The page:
28 Things People With Food Allergies Wish You Knew
Recently, a friend of mine shared that her child asked her if she should have a will in case she died from an allergic reaction. At a food-allergy medical conference, a colleague told me last winter that her son asked Santa in a letter for Christmas not to let him die if he accidentally ate a peanut. When I sat on a panel to talk about why food allergy research is needed, another panelist shared a poignant letter from his son saying he was sad he was a burden on his family as they could not eat out at certain restaurants, fly particular airlines, or vacation in certain destinations. I never think of my child as a burden, but it pained me to think he may think of himself in that way, regardless of how often his parents tell him he’s not.
Those who have food allergies do not want to impose on others, but they learn early on that they must speak up to keep themselves safe and alive. Many people don’t comprehend that even ingesting a crumb of the wrong cookie could be fatal. Speaking up for yourself in public — which can be difficult for all of us — becomes essential for even young children with food allergies.
I asked those who live with food allergies to share what they want others to understand about this disease. When you have the opportunity to read the many responses, it gives you a window into the heart of a food-allergic person. For me, reading these comments and watching my own son grow into his teens, the silver lining to a food allergy diagnosis is that our kids grow up to be kind, sensitive, empathetic and strong.
Please help us educate the greater public about the need to respect life-threatening food allergies.
These are 28 things people with food allergies wish people understood:
1. “Food allergy kids, turned adults, are probably some of the most caring and empathic people you will meet. We know what it is like to advocate for our safety daily. We’ve learned to take responsibility since before we knew what that word even meant. We also know what it’s like to feel that we are a burden even though we don’t want to be one. Food allergy adults know how to be grateful because we truly appreciate when others help us eat safely. Sometimes the littlest things to some are the biggest to others. We get that and our eyes are open to others who also need accommodations for things that we may take for granted. Those of us who have grown up with severe food allergies have never been able to walk into a restaurant or bakery and order whatever we want, and to us, that is probably one of the coolest things — the ability to just eat something without having to read any ingredients or ask any questions. We’ve never done that. Because of this, we are more aware of what others may not be able to take for granted. We allergy adults are also resilient and have pushed through all sorts of challenges. However, something that is truly crucial to note is that we can still do anything, but our ‘normal’ is different than yours and everyone wants to feel accepted for that, whether it’s food allergies or something else.” — Allie B.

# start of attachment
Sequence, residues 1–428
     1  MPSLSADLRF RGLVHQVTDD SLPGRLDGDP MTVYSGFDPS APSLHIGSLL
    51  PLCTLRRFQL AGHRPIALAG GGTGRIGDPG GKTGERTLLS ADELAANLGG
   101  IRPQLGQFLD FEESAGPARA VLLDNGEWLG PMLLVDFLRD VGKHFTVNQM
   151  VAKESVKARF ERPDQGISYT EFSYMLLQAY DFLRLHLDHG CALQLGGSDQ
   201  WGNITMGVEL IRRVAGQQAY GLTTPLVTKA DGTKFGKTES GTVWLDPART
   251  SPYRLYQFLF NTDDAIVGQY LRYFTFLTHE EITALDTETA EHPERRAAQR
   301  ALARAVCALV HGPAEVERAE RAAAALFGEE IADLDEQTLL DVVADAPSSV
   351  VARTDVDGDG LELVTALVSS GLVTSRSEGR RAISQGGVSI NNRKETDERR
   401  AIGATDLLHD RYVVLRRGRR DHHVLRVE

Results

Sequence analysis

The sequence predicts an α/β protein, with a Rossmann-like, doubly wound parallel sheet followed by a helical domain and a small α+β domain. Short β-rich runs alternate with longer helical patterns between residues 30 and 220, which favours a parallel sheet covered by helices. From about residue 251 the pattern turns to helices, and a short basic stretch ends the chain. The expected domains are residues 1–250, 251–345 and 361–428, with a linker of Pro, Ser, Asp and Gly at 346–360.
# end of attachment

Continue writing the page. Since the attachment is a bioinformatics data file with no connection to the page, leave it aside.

2. “I wish [others] could understand that I’m not trying to ruin their fun/enjoyment by asking them not to eat my allergen (peanuts) — it’s literally for self-preservation and I prefer to feel safe rather than be extremely anxious about my surroundings.” — Monique P.
3. “An Epi-pen is not a magic potion that saves your life. It only gives you 10-15 minutes to go to the ER.” — Sunhee W.
4. “My 13-year-old son [wants] others to understand he can’t just go out to eat with his friends just anywhere. That everywhere he goes he has to ask questions or read labels. His life literally depends on it. He said he wishes that people would be more understanding of what it all entails to live with food allergies and have to carry life-saving medicine everywhere he goes just in case an accident occurred. He also wishes he didn’t have to live his life in fear of food and that he could eat anything he wanted without potentially dying.” — Erica A.
5. “I am still a person. Yes, I can’t eat your snack, but that doesn’t make me sub-human or inferior. I shouldn’t be constantly told I have no right to live. Allergies can get worse over time, and what you’re eating next to me can actually harm me as my condition is airborne. I am forced to discuss it even if it causes you embarrassment or restrictions as it’s my life at stake. No one chooses to become allergic, and yes, I ate my allergen very regularly as a child/baby so it’s not my parents’ fault. But the positive is how much compassion I have for others and how much I value any accommodations. You changing your loo roll means the world to me. Workmates moving away from me when eating my allergen to allow me to work is worth more than winning the lottery. Your small sacrifice is worth the world to someone like me, so thank you.” — Sarah PL
6. “It’s not my choice to have an allergy and I’d rather not have it. Also, stop [calling me] ‘attention seeking’ when asking people to help accommodate me.” — Julia B.